Policing in the iron cage : the tensions between the bureaucratic mandate and street level reality
AuthorsHallam, Stephen A.
MetadataShow full item record
AbstractIn April 2002 a National Crime Recording Standard (NCRS) was introduced across police forces in England and Wales. The intention of this standard, resultant of two highly critical reports regarding police recording of crime, was to improve crime data and promote a victim focussed approach. Research in the field of crime recording emphasises police reporting and recording mechanisms, with a significant reliance placed on police data. However, inter-personal and situational factors determining the ways in which notification of an event is, or is not, translated into a crime record are often inadequately explored. Consequently, there is little recent knowledge regarding the views of individuals reporting an event and the way in which they, through the interactions with the police, affect recording rates. This thesis explores these effects and investigates the impact of deviation from the rules governing crime recording upon service user experiences and satisfaction. Incident logs from three forces were analysed, officer focus groups and questionnaire-based surveys were undertaken and interviews were conducted with service users. Perceptions of service users and police officers vis-à-vis the effectiveness of police intervention were examined, together with the efficacy of previous research methodologies employed to gauge recording rates, the rules regarding crime recording and the existent performance frameworks. The findings suggest that previously reported recording rates are inevitably unreliable owing to a lack of detail within incident logs and the complexities involved in the recognition and labelling of events as crimes. Whilst easing of workloads is a common theme highlighted in previous research, there is notably less emphasis and recognition of other factors. The response, by officers at street level, to the realities of the social world, the conflicting priorities brought about by managerial dictum and the bureaucratic rules governing the recording of crime is to ‘define down crime’. The findings fill the considerable knowledge gap regarding diverse service user requirements and conflicting priorities faced by service providers prior to the introduction of the NCRS, suggesting that the imposition of managerial ideals, the accompanying bureaucratic rules and the corollary, the diminution of discretion, has a detrimental effect on service delivery.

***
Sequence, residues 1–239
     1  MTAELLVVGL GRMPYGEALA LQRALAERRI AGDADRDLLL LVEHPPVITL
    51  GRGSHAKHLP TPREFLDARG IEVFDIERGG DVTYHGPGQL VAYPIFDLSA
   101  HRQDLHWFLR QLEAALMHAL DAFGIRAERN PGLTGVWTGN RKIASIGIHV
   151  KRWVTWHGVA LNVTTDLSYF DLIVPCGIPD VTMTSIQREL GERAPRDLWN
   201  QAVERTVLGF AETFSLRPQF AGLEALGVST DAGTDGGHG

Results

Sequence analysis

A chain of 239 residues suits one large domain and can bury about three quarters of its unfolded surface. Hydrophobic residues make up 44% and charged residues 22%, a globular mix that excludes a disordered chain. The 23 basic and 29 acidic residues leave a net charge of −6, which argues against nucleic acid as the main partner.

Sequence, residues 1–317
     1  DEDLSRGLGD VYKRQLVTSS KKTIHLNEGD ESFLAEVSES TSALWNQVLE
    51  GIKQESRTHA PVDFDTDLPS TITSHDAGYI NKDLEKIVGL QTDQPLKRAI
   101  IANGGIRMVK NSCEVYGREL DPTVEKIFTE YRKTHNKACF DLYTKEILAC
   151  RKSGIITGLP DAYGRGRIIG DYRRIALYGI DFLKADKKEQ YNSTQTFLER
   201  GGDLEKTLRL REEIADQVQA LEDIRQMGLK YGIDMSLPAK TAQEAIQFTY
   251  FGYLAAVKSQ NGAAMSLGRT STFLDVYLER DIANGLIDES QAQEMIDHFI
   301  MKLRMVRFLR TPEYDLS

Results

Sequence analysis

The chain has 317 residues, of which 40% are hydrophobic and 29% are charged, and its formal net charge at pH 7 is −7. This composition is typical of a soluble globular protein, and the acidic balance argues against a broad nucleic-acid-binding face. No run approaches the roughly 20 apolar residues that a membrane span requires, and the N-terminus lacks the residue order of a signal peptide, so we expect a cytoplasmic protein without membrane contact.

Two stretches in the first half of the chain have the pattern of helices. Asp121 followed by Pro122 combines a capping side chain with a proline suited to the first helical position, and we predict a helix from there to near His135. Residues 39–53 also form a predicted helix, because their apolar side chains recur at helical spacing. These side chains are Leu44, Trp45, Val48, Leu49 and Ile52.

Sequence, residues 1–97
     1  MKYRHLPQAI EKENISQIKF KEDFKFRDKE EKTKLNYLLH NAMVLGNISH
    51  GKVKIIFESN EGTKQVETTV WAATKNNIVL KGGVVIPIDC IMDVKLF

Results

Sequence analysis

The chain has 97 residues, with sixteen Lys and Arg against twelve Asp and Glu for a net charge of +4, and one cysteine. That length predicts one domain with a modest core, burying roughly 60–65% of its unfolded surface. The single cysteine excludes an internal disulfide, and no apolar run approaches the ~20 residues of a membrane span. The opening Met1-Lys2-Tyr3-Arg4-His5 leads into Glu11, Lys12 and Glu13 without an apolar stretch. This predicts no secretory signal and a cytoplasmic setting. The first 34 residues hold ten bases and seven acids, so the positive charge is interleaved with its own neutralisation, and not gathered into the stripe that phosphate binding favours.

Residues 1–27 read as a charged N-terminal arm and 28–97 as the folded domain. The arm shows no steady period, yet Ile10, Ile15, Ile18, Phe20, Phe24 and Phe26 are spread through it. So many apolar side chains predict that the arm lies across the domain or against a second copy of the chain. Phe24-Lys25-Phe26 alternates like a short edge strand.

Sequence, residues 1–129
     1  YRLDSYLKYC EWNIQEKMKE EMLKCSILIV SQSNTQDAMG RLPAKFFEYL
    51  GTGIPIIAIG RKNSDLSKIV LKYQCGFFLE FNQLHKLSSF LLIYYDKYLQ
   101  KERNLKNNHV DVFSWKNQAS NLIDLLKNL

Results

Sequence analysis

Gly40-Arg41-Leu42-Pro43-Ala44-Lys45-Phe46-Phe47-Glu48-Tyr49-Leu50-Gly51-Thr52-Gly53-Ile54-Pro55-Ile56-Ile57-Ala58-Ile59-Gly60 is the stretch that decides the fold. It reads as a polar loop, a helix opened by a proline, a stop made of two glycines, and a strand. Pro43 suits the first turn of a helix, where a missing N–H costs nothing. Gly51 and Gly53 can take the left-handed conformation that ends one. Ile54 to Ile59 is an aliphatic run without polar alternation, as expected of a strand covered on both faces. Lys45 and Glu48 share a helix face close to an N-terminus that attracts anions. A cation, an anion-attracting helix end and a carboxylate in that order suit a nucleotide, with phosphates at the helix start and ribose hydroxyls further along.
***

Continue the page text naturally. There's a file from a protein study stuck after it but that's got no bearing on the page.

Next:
PublisherUniversity of Bedfordshire
TypeThesis or dissertation
DescriptionA thesis submitted to the University of Bedfordshire, in partial fulfilment of the requirements for the degree of Doctor of Philosophy
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